Giant pandas have winter poop parties, rolling around in horse manure

Compounds in fresh horse manure attracted pandas in China's Qinling Mountains.
Compounds in fresh horse manure attracted pandas in China's Qinling Mountains. (Image credit: Fuwen Wei)

It seems only fitting that 2020 would be the year when we learn that giant pandas, arguably the cutest of all bears, enthusiastically roll in horse manure — the fresher the better — leaving their entire bodies liberally covered in fresh feces. 

But the pandas are doing it for a good reason; these poo "baths" may help the bears keep warm in their mountain habitat, scientists recently discovered.

Researchers observed this stinky habit in wild Qinling giant pandas (Ailuropoda melanoleuca qinlingensis), a subspecies that lives in the Qinling Mountains in China's Shaanxi Province. The pandas sniffed and wallowed in piles of fresh horse dung, and the frequency of their poop parties typically peaked when temperatures were low, according to a new study.

Related: In photos: The life of a giant panda

In 10 years of observing the Qinling pandas in the wild, scientists began to notice that the bears would frequently display certain behaviors when they encountered fresh horse dung. They would sniff the manure; rub against the manure with their cheeks; roll in the manure; and finally smear the manure over their bodies.

To better understand what the pandas were doing, the researchers installed 24 infrared camera traps in a protected area of the Qinling Mountains where more than 20 pandas lived, recording 38 instances of pandas' poo parties between July 2016 and June 2017. 

"We were surprised to find that the captured events occurred in certain months but not the whole year, implying a pattern of seasonal behavior," they wrote in the study, published Dec. 7 in the journal Proceedings of the National Academy of Sciences.

Poop rolling happened most often between November and April, and about 95% of the feces festivities happened when temperatures were below 59 degrees Fahrenheit (15 degrees Celsius). No poop-rolling occurred when temperatures were higher than 68 F (20 C), according to the study.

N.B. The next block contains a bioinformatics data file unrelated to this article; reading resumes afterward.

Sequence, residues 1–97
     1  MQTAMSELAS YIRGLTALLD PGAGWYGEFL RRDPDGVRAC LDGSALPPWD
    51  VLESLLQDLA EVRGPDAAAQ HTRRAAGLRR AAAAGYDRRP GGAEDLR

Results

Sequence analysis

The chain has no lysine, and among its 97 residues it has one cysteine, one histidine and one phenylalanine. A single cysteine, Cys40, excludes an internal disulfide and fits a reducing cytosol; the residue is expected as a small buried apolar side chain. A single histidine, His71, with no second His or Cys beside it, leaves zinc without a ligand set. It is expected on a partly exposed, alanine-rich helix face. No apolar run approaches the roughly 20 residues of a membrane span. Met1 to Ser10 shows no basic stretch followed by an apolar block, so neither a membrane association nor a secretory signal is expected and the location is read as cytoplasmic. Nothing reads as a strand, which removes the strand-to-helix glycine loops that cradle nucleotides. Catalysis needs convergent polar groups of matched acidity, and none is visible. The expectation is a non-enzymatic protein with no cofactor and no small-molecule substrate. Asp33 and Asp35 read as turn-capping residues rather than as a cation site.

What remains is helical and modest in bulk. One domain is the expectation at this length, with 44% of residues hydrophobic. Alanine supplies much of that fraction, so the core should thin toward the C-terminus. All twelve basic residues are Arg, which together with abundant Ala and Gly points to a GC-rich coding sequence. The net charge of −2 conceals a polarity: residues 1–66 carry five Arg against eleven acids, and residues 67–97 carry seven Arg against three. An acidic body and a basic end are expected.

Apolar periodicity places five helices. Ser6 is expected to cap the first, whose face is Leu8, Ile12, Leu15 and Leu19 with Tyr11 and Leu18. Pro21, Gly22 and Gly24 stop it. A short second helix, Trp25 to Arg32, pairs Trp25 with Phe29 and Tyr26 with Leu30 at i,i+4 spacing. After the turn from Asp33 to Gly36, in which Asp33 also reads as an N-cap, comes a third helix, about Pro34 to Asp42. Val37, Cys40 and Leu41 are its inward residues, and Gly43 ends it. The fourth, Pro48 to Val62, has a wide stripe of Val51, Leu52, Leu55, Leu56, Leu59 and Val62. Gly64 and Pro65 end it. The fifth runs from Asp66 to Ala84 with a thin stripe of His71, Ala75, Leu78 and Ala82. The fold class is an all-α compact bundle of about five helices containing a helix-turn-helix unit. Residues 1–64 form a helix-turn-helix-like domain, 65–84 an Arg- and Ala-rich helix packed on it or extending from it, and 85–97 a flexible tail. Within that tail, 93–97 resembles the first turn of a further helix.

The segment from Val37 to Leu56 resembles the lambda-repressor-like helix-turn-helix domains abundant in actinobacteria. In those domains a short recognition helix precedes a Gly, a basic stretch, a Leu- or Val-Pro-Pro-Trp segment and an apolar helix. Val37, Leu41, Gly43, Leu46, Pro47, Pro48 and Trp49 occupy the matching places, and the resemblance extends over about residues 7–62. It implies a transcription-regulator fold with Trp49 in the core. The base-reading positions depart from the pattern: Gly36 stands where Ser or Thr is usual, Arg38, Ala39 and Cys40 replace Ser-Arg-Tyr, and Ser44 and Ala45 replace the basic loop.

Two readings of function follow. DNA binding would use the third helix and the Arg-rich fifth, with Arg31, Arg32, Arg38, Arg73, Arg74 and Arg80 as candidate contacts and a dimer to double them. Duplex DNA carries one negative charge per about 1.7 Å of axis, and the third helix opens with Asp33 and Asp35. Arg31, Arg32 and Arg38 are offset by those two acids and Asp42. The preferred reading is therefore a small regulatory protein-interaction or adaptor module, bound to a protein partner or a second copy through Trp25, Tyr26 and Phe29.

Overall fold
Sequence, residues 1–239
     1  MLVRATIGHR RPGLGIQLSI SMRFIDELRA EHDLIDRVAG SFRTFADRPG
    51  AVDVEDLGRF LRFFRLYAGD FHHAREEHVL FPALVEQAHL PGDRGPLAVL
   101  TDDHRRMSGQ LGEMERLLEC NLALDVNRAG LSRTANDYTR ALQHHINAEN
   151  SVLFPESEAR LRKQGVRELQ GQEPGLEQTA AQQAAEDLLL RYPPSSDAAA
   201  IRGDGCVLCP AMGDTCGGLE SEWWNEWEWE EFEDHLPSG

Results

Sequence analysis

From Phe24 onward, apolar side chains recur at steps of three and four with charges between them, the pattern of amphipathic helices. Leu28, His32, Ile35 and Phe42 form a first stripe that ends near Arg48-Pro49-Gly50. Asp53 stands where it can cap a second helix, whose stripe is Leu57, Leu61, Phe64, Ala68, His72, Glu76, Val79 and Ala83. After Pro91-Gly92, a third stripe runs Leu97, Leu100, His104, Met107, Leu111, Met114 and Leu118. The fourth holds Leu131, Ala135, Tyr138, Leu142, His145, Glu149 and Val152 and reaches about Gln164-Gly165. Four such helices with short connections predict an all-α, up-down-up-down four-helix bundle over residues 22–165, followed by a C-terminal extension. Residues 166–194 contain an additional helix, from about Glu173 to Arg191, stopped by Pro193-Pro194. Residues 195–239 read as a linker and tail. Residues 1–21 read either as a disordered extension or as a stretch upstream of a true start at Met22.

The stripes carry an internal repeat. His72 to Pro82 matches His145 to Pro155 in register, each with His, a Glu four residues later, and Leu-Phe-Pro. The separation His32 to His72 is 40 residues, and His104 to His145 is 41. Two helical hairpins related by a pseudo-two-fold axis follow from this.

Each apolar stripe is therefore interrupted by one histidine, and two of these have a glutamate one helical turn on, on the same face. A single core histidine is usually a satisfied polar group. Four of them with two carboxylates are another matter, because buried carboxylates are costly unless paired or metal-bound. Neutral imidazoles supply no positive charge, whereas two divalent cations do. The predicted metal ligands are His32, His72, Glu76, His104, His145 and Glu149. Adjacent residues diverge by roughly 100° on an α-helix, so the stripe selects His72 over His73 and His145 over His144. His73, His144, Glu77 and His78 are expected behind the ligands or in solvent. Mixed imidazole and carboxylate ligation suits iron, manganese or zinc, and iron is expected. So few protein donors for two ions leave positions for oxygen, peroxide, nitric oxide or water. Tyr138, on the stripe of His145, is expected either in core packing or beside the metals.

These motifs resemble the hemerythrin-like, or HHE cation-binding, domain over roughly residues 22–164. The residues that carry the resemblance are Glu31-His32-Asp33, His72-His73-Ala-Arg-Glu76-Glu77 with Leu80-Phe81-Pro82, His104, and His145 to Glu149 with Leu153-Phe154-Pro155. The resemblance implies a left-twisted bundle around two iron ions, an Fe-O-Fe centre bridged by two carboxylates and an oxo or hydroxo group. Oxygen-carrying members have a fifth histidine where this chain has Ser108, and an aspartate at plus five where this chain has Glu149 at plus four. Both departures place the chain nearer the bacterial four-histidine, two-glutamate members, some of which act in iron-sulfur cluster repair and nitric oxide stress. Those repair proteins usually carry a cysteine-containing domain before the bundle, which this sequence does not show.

That is not dirt. (Image credit: Fuwen Wei)

But what could explain the pandas' fecal attraction? The scientists suspected that it might have something to do with two compounds that are plentiful in fresh horse manure — which the pandas preferred — but are scarce in older dung: beta-caryophyllene (BCP) and caryophyllene oxide (BCPO). To confirm this preference, the researchers tested captive pandas in the Beijing Zoo using artificial dunghills made of hay, and the captive pandas "frequently visited" the dunghills treated liberally with BCP and BCPO, but showed little interest in dunghills that weren't saturated with the compounds.

Because the panda's poo-rolling was seasonal, the scientists questioned if temperature might be a factor, and they found that mice treated with BCP and BCPO were less susceptible to cold. It's possible that the nerve endings in pandas' skin contain receptors for the compounds; rolling in poo would then temporarily make the pandas less sensitive to winter's chill, the researchers reported.

Wild pandas may have been introduced to this unexpected benefit by ancient trade routes in China that bisected their mountain habitats during the fourth century B.C., the scientists wrote. With horses a constant presence on the road from the Kingdom of Shu (in what is now Sichuan Province) to the capital city of Chang'an (known today as Xi'an, the capital of Shaanxi Province), pandas would have acclimated over time to the scent of horse manure, leading them to investigate and eventually discover a smelly reward for their curiosity, according to the study.

Originally published on Live Science.

Mindy Weisberger
Live Science Contributor

Mindy Weisberger is an editor at Scholastic and a former Live Science channel editor and senior writer. She has reported on general science, covering climate change, paleontology, biology, and space. Mindy studied film at Columbia University; prior to Live Science she produced, wrote and directed media for the American Museum of Natural History in New York City. Her videos about dinosaurs, astrophysics, biodiversity and evolution appear in museums and science centers worldwide, earning awards such as the CINE Golden Eagle and the Communicator Award of Excellence. Her writing has also appeared in Scientific American, The Washington Post and How It Works Magazine.